Is improvement always a good thing? Alan Clawley poses the question.
Is it true, as David Miliband asserted recently on TV, that it is in the interests of those responsible for making people flee Syria to stop causing the problem? If, as he implies, neither Assad nor ‘Islamic State’ really want anyone to leave the country then they should do whatever is needed to prevent what is now a human calamity. If it is not true, then we must conclude that the expulsion of large numbers of people is a deliberate policy.
We in this country are not strangers to the idea that people who have occupied land for generations may be forcibly removed for some higher purpose, like ‘improvement’, a purpose which those in authority over them deem is incompatible with their remaining. In the Scottish Highlands this was known as The Clearances and is described in horrific detail in John Prebble’s book.
Thousands of crofters were forcibly evicted in the 18th Century to enable absentee landlords to graze sheep on their land. Most emigrated in sailing boats little different from those used to transport slaves, to the empty lands of Canada or Australia to carve out a new life there. Many died from disease or drowned in unseaworthy vessels before reaching land. These clearances were of course driven by the profit motive.
In more recent history, the people who ran our burgeoning Victorian industrial cities, most of whom were industrialists like Birmingham’s Joseph Chamberlain, used somewhat more humane methods to remove people from their land for a higher purpose also described as ‘Improvement’. In driving his Corporation Street through a neighbourhood occupied by hundreds of poor people, Chamberlain didn’t worry too much about where they went. The clearances were justified on health grounds, but the offices that were built in place of hovels, and which still exist today, directly benefited business people who occupied them.
The process was repeated, perhaps a little more humanely, after the Second World War, when Herbert Manzoni oversaw a huge programme of Slum Clearance in Birmingham. Construction companies such as Bryant who built housing schemes like Chelmsley Wood where those fleeing from unhealthy housing conditions were re-housed. Builders made huge profits whilst the residents of the new estates had further to travel to work or had no work at all where they now lived.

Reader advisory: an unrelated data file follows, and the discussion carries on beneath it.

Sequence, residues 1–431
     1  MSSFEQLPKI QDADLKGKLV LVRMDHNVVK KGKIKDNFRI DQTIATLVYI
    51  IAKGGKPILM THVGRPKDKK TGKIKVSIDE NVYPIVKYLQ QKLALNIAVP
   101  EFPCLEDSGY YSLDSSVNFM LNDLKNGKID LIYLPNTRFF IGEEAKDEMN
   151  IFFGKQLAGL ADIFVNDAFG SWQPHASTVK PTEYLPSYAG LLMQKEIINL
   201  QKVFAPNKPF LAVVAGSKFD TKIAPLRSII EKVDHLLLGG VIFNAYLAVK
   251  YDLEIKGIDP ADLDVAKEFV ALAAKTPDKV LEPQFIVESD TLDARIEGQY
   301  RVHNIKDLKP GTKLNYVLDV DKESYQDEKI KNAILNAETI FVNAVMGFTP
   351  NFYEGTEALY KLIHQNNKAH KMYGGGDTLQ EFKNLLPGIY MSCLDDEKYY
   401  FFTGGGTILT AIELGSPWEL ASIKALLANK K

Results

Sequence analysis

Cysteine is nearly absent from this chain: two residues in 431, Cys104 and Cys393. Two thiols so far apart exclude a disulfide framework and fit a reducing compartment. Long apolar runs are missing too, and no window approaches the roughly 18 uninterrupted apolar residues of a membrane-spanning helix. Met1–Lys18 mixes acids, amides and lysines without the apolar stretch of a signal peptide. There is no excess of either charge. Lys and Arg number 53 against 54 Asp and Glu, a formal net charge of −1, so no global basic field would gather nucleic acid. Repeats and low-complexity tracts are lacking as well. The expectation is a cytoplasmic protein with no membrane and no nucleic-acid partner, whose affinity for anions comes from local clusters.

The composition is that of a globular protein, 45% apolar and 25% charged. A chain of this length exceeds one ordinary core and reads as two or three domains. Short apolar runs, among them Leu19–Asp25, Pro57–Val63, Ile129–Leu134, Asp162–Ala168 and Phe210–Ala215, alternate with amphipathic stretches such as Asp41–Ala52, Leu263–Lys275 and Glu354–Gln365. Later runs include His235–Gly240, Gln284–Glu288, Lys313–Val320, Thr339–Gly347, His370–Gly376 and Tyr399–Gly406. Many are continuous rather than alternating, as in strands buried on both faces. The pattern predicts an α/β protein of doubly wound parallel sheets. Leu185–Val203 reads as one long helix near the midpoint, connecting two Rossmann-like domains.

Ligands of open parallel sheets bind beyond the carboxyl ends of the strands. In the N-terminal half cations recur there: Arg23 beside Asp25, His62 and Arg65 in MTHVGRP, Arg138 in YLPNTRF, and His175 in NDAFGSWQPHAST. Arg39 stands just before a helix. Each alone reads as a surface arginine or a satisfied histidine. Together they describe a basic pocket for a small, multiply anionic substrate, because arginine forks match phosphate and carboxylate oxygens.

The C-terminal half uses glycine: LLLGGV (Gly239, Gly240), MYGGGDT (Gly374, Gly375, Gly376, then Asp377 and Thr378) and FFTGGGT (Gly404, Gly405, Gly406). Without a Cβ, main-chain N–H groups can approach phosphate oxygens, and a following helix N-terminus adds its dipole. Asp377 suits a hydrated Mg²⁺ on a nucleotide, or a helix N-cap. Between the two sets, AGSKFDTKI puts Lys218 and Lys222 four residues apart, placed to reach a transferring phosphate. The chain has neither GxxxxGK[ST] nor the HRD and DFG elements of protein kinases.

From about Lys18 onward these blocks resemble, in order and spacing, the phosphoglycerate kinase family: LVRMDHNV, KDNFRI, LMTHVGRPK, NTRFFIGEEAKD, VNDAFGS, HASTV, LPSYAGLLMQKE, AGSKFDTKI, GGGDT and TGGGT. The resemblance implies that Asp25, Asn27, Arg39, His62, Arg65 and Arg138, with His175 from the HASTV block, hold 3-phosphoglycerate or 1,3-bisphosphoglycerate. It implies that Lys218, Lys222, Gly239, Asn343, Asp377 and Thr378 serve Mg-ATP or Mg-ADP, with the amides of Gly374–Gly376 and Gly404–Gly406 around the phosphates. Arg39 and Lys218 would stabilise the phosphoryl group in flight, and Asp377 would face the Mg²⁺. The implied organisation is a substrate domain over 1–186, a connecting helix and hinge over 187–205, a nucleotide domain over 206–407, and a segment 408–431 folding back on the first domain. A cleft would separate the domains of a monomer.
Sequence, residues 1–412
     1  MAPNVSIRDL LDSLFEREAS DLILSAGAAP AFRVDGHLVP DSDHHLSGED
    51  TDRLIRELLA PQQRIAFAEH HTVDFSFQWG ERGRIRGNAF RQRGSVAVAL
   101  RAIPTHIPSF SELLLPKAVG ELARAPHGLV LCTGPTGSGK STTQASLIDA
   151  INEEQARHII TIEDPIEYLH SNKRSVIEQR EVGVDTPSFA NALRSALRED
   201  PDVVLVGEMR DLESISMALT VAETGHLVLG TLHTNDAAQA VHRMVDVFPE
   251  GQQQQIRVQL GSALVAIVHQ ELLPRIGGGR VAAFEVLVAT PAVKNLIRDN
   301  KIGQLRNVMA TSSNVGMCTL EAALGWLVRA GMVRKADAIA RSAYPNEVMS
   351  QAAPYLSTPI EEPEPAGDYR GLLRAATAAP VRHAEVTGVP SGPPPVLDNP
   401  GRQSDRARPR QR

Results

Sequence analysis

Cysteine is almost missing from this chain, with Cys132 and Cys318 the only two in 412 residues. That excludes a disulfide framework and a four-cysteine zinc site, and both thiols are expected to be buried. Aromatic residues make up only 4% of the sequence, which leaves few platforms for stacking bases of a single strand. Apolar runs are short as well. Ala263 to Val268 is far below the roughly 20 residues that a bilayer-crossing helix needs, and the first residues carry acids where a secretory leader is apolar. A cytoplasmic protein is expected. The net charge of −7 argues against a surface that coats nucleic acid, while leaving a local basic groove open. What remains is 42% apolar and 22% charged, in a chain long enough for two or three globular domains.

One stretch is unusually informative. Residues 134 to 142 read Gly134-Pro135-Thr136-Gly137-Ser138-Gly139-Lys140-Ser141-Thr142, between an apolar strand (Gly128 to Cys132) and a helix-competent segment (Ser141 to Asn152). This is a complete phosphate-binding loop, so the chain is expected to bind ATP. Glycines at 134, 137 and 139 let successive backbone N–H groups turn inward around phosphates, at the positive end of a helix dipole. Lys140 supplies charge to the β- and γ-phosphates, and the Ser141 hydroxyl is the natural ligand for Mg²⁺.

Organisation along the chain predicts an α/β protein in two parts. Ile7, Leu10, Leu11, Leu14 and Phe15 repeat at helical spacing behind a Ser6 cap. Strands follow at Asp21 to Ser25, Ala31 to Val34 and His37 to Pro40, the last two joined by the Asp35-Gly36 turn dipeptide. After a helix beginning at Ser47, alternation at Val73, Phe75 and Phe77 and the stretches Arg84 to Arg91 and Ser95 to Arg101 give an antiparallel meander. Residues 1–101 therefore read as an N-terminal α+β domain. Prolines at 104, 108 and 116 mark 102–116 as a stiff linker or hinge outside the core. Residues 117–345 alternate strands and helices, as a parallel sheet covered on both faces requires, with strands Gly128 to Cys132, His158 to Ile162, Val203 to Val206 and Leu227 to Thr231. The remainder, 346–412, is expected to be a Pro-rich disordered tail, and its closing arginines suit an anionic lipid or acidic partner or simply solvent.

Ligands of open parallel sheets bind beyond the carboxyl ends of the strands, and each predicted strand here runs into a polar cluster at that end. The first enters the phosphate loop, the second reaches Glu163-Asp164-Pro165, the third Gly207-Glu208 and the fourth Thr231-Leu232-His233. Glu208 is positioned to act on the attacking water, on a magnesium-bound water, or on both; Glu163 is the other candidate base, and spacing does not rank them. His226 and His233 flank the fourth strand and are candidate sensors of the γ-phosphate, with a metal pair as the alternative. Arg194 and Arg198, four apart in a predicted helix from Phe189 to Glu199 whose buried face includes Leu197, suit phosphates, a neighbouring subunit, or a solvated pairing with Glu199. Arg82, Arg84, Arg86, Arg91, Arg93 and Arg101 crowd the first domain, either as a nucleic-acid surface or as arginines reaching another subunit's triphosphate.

The same top-down bureaucratic methods were applied on a global scale by British ministers to determine the partition of Ireland, India and Palestine. These imposed solutions led to bloodshed, the movement of people and seemingly intractable long-term conflict.
Whatever the primary motivation, whether it is to make money or to separate races or religions from each other, solutions imposed by force from on high don’t work in the long run. They can create a class of oppressed persons or refugees who harbour a lifelong grudge against the perpetrators of their misfortune. The conflict is merely displaced with them to another place whilst its resolution in their home country is postponed indefinitely.
David Miliband’s aspiration for a political solution in the homeland of refugees is admirable and correct, but it could take many years before that happens. Many will never return. In the meantime stable and humane countries such as ours must offer a safe refuge to people fleeing for their lives.